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Images: Lejeune home to many threatened, endangered species [Image 12 of 14]

Photo by Lance Cpl. Jackeline Perez RiveraSmall RSS IconSubscriptions Icon

Lejeune home to many threatened, endangered species

An American alligator exits a body of water and show its pearly whites aboard Marine Corps Base Camp Lejeune, May 4. American alligators are listed as threatened under the Endangered Species Act, and hunting them carries a stiff fine.



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Public Domain Mark
This work, Lejeune home to many threatened, endangered species [Image 12 of 14], by Cpl Jackeline Perez Rivera, identified by DVIDS, is free of known copyright restrictions under U.S. copyright law.

Date Taken:05.04.2011

Date Posted:09.17.2012 13:39

Photo ID:666505

VIRIN:110504-M-IY869-002

Resolution:2488x1412

Size:3.31 MB

Location:CAMP LEJEUNE, NC, USGlobe

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  • Craig E. Ten Brink, a Glen Rock, N.J., native and the base threatened and endangered species program manager, talks to Marines with 2nd Marine Logistics Group about preservation of endangered plant and animal species aboard Camp Lejeune, N.C., Dec. 5, 2012. Camp Lejeune has higher populations of endangered species than the National Park Service or Forest Service due to little human expansion.
  • An alligator basks in the sun in a fenced area surrounding a storm water pond aboard Marine Corps Base Camp Lejeune's Tawara Terrace residential area, June 16. The American alligator is listed as threatened in North Carolina by the Unites States Fish and Wildlife Service, and under state law, it is illegal to feed them in the wild.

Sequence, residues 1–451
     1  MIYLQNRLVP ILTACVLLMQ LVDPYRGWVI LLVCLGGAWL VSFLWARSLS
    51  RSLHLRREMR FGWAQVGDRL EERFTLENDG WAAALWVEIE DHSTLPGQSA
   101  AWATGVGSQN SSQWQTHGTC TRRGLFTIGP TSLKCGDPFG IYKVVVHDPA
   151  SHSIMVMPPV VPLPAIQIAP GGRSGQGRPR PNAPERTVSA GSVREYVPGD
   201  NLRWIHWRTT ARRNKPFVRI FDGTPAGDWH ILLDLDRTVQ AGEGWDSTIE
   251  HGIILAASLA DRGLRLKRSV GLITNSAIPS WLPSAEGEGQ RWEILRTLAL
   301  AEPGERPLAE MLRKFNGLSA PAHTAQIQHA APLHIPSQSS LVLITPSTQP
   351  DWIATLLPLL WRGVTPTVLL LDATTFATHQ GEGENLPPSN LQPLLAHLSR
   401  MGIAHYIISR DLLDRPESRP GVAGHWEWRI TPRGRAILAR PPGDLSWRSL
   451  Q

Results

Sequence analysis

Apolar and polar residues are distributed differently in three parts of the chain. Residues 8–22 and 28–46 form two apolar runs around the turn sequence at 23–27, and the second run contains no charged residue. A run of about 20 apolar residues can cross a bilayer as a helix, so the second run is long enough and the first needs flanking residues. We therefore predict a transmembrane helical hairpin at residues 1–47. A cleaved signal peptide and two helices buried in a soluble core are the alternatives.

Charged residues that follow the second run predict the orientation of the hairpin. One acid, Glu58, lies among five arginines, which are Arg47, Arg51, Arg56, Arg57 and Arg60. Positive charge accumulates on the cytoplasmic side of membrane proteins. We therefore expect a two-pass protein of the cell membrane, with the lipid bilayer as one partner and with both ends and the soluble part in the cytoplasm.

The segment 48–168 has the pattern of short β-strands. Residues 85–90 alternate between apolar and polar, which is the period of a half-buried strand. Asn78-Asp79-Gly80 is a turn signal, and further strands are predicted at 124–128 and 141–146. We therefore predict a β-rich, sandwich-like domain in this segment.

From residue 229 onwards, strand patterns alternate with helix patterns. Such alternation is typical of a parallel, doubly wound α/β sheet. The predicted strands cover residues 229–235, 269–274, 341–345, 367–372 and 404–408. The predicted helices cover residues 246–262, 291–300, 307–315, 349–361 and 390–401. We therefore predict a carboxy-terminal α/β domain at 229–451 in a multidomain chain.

• Craig E. Ten Brink, a Glen Rock, N.J., native, and the base threatened and endangered species program manager, discusses the negative impact humans can have on the environment during a training seminar with 2nd Marine Logistics Group aboard Camp Lejeune, N.C., Dec. 5, 2012. Ten Brink cautioned the Marines to dispose of waste the proper way and to watch out for fellow servicemembers' recycling habits.
  • The desert tortoise is one of many animals that call the Combat Center home. They are also the only species aboard the installation listed as threatened under the Endangered Species Act. The Tortoise Research and Captive Rearing Site helps bolster the local population of the desert tortoise with head starting. Head starting involves bringing in pregnant tortoises, allowing them to lay their eggs in the facility and then safe guarding the hatchlings until they are large enough to fend off predation and can better withstand the harsh desert elements.  If the population of the desert tortoise declines, the species could become listed as endangered. This could compromise Marines’ ability to train aboard the Combat Center. TRACRS contains their head starting site to one part of the base, helping to keep the population out of training areas. The implementation of programs such as TRACRS is the Combat Center’s way of protecting and growing the population of the threatened species which in turn allows the Marine Corps to continue training operations aboard its premier pre-deployment training facility.

Associated News

Lejeune home to many threatened, endangered species

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